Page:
Technical Facts

Technical Facts


Paint and varnish removers work better in warm temperatures. They are not very effective below 50°F (10°C).

High Humidity

High humidity can affect the way paints dry, especially at temperatures that are below 50°F (10° C). High humidity can interfere with the supply of oxygen necessary for the curing of alkyd paints and can delay the tack-free time from hours to days. With latex paints it is possible for the evaporation of water to be slowed as the paint dries. If the coalescing solvent (film forming glycol) evaporates before the water leaves the film, you will end up with a paint film that is weak or can crack and/or peel.

Corrosive Environment

The more corrosive the environment, the higher the film build of a coating should be to protect a surface. For immersion service, the minimum requirement is 10 mils dry, applied as two or three coats of 3-5 mils each. Interior coatings on walls are usually for appearance only, so 3-4 mils is sufficient. Moderate exposure, such as the exterior of a steel water tank requires 6-8 mils for protection.

Film Thickness

Three coats at 9 mils total film thickness is better than two coats at 10 mils. The three-coat system reduces the chance of misses, pinholes, and solvent entrapment. It is more expensive however, because of labour costs to apply the extra coat.

Painting Steel Surfaces

When painting steel surfaces during periods of cold nights and warm days, it is important to know the dew point temperature and the temperature of the steel. As the temperature and humidity climb during the day, it is possible for the steel to sweat from condensation, much the same as a cold drink taken out of the refrigerator. To guard against painting over condensation, the steel must not be painted if it is within 5°F (3°C) of the dew point. To establish the dew point, a sling psychrometer is required.

Spreading Rates

To establish the theoretical spreading rate in square feet for a liter of paint, you multiply 423.8 times the solids by volume of the product and divide by the recommended dry film thickness. If the solids by volume is 50% and the recommended dry film thickness is 2 mils, the theoretical spreading rate is 423.8 X 0.5 divided by 2 or 105.9 square feet per liter. Theoretical spreading rates do not allow for waste or surface profile (texture).


Because water doesn't freeze until the temperature drops to 32°F (0°C), some painters feel that latex paints can be applied down to that temperature. This is not true for all products, because the minimum temperature required for standard latex paint to dry properly is 50°F (10°C). Standard latex paints applied to surfaces below 50°F will form films that are weak and will result in early failure of exterior products and poor washability of interior products.  

In colder weather conditions, use our premium line of Dulux Diamond Exterior products that can be applied at temperatures as low as 36°F (2°C). Check with your local Dulux Paints store to find the product that is right for you and your working conditions.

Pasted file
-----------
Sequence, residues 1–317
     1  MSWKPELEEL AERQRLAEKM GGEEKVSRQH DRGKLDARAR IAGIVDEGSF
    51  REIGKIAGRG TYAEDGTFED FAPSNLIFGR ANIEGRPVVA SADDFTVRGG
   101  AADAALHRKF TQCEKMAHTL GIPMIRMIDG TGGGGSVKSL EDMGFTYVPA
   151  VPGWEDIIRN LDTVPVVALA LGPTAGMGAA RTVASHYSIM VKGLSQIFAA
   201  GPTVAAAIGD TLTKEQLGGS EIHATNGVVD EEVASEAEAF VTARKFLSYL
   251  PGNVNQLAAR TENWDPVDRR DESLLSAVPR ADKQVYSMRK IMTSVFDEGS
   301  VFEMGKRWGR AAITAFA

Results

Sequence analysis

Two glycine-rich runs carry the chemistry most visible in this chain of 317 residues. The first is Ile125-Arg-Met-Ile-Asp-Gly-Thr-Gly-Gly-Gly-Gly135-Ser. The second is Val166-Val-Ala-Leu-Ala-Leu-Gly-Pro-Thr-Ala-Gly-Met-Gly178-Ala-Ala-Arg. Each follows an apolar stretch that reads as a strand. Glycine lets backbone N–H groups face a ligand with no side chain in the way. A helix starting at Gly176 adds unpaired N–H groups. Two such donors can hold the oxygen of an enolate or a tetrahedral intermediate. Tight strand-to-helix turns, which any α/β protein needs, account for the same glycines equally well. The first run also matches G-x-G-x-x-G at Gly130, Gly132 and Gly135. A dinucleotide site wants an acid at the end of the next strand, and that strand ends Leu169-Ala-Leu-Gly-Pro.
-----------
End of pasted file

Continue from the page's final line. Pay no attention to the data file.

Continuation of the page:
Application Problems

Topcoats applied over inorganic zinc tend to pinhole because of the voids in the zinc film. Pinholes can be reduced by using a vinyl wash primer, which is very thin, as an intermediate coat to fill the voids. If vinyl wash is not going to be used, the first coat of finish over the zinc should be reduced 50%, and a light coat applied.

Speeding Up Dry Time

Alkyd paints take longer to dry as the temperature drops. Dry time cannot be speeded up by the addition of a fast evaporating solvent such as Xylol. The fast solvent comes out of the paint quickly but the slower solvents like mineral spirits come out at the same speed they normally would. Japan Driers can speed up dry, but do not exceed the recommended levels on the container — wrinkling may result.

Spray Application

Vinyl and chlorinated rubber paints tend to "cobweb" when sprayed in warm weather. Cobwebbing (the paint comes out of the gun dry like a cobweb) can be reduced by using a warm weather reduction solvent (slower evaporating) or thinning the product with extra xylol.

Spray Application

Dry fog paints are formulated so that the overspray lands as a dry dust after an 8-10-foot fall if the temperature is 70°F (20°C). When the temperature is cool, say 50°F (10°C), the dry is slowed and the overspray particles are dry on the outside and wet in the middle. Pulling equipment or walking through the overspray when conditions are cool can cause the particles to break open and the paint will stick to the floor. When using dry fog in hot weather the dry time is accelerated. Care must be taken that the paint being applied lands wet on the surface being painted, to ensure good adhesion. Dry fog paints dry quickly, and if the paint is partially dry when it hits the surface being painted, poor adhesion will result.

Wood Finishing

If open-grained wood, such as oak or mahogany, is going to be filled with paste wood filler and stained before a clear finish is applied, mix the wood filler and the stain together and combine the staining and filling operations. If the wood is filled before it is stained, the wood filler will not accept the stain the same as the wood and will appear as a lighter color.